The aggregate loan-to-deposit ratio of banks in Saudi Arabia has hit its highest level since 2008 as loan growth continues to outpace deposit growth.
The ratio hit 78.8 per cent at the end of August, still below the regulatory guideline of 85 per cent, but a sign that rapid credit growth may soon have to slow. Loan growth in the year to August was 14.8 per cent, the slowest pace for a year. Deposit growth was 14.8 per cent in the same period.
The local NCB Capital said in a research note, With loan growth higher than deposit growth, we may see short-term pressures on cost of funding which may impact fourth quarter net profits. Credit growth hit its highest level since the onset of the financial crisis in May.
Aggressive asset booking by Saudi banks has put pressure on interest margins over the past two years. That trend may now finally be coming to an end. NCB Capital said third quarter results of the banks indicated that net interest margins were flat or marginally higher. It added, This bodes well for the sector as we are seeing the bottom of net interest margin contraction.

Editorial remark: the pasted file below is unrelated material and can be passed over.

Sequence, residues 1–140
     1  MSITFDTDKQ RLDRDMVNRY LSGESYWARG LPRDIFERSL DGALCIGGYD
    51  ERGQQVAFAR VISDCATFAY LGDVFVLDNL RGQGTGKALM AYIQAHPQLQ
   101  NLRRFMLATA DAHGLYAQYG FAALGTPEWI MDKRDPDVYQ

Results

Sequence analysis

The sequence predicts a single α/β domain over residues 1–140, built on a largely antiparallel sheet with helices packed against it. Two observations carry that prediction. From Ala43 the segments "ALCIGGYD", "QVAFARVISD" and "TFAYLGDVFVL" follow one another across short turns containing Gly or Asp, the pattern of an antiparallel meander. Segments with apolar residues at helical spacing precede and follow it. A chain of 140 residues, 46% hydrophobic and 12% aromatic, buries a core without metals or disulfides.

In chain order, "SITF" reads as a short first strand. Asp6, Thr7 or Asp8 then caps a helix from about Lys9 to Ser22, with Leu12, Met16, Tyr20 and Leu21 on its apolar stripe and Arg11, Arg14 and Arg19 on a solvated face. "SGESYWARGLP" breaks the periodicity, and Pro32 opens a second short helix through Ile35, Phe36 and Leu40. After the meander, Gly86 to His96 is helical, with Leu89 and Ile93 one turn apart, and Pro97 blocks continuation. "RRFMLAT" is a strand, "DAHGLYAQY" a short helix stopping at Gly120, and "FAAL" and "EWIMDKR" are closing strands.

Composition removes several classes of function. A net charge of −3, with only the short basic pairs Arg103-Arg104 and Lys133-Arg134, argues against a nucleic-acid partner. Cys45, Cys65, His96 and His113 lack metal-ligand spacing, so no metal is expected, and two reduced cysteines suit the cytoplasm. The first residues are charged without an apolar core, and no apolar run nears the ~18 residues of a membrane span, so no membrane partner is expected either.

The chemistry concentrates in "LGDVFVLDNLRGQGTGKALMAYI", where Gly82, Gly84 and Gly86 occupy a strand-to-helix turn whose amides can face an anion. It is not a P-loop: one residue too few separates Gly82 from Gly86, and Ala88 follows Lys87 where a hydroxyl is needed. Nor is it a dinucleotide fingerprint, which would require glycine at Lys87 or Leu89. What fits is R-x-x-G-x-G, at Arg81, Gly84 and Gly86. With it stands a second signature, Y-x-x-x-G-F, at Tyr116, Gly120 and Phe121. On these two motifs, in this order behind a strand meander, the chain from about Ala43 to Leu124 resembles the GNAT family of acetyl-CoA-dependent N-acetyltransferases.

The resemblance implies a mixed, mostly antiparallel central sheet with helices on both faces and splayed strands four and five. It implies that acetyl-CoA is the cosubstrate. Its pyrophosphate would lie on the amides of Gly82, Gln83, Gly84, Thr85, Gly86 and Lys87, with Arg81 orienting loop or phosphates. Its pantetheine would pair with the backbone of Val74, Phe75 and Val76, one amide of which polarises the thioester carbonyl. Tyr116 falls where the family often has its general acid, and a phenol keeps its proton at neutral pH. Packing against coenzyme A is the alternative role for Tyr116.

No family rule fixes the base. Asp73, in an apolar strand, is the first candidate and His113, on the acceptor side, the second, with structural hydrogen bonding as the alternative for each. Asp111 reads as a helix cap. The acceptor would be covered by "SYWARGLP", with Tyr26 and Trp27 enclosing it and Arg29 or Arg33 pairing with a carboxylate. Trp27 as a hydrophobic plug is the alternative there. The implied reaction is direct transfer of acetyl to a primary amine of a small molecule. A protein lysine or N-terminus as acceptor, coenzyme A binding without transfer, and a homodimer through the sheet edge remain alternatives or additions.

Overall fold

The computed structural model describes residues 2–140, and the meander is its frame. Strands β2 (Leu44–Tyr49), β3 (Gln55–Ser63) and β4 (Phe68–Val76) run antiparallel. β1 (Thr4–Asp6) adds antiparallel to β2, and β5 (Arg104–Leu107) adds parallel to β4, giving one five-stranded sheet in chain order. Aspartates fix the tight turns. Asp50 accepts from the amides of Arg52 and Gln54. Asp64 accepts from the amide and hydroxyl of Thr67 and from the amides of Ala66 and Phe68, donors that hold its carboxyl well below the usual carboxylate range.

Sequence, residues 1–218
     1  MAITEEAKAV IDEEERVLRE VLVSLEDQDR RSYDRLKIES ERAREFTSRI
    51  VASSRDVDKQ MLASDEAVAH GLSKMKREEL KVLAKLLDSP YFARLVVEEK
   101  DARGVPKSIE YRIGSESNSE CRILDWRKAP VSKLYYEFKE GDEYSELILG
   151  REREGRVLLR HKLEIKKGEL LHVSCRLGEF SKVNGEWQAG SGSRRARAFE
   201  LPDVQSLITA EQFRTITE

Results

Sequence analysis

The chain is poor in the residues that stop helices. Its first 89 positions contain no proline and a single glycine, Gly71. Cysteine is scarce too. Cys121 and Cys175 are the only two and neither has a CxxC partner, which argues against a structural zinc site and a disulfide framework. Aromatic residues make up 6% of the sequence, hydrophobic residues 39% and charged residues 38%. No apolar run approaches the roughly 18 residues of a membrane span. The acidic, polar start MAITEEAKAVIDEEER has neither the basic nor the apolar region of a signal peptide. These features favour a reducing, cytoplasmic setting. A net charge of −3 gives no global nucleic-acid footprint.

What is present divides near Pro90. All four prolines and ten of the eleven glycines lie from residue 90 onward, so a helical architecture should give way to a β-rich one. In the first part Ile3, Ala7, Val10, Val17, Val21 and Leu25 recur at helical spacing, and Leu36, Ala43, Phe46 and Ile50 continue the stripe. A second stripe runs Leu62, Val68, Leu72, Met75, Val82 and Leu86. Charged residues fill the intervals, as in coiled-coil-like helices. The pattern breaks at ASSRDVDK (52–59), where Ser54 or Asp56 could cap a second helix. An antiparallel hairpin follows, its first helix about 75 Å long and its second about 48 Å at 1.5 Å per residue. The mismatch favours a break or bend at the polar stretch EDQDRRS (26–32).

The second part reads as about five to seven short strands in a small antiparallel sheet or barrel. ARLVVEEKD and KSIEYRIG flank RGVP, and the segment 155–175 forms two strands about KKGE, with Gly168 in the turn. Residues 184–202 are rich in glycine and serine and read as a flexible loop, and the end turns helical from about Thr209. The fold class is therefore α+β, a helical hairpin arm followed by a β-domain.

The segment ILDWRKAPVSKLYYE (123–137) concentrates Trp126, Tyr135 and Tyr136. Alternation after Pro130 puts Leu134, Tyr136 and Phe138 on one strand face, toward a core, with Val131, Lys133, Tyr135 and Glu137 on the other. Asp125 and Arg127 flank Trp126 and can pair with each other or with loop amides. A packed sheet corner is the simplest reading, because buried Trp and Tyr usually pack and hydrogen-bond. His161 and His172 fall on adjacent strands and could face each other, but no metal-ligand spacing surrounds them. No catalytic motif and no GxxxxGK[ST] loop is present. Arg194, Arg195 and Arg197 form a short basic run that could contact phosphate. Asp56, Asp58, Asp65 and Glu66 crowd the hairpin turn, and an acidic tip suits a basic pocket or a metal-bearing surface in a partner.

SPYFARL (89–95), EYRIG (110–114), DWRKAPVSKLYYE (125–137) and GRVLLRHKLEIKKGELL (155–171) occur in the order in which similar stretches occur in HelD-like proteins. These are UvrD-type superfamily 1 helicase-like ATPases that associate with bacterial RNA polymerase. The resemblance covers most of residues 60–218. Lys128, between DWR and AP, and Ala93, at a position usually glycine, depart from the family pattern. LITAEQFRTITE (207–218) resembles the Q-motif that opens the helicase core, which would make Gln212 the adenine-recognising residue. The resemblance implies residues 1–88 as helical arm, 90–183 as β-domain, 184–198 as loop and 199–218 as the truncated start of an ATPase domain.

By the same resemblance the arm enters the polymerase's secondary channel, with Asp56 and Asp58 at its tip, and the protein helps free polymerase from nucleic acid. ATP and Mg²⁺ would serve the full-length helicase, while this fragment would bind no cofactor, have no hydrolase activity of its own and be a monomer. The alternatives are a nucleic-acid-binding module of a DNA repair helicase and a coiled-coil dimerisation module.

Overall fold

Increasingly banks in Saudi Arabia are trying to avoid bidding down lending rates in order to book assets. We have actively made a decision to walk away from deals where the pricing is too low, says the head of one local bank.
The intense competition to book new deals has been a cause for concern at local banks who worry that it forces them to book more deals at a lower margin in order to try and grow their profitability. Another banker in the kingdom says, Over the past year or so banks have been able to grow assets, but it has come at a price, now we are seeing the focus shifting to trying to protect margins.
Asset growth was 11.7 per cent in the year to August. Saudi banks have been booking double digit asset growth for much of the past year.
Banks in the kingdom have broadly reported strong profit growth in the third quarter as a result of falling provisions.
The latest figures from the Saudi Arabian Monetary Agency (Sama) also reveal that assets held by the central bank have eclipsed $700bn for the first time. That gives the kingdom enough savings to entirely fund almost three years of government spending.
Activity at ATMs and point-of-sale transactions dropped significantly in August as the country went through the traditionally quiet summer period. The value of ATM withdrawals fell from SR62bn in July to SR48bn in August. It was the lowest that ATM withdrawals have been February 2012.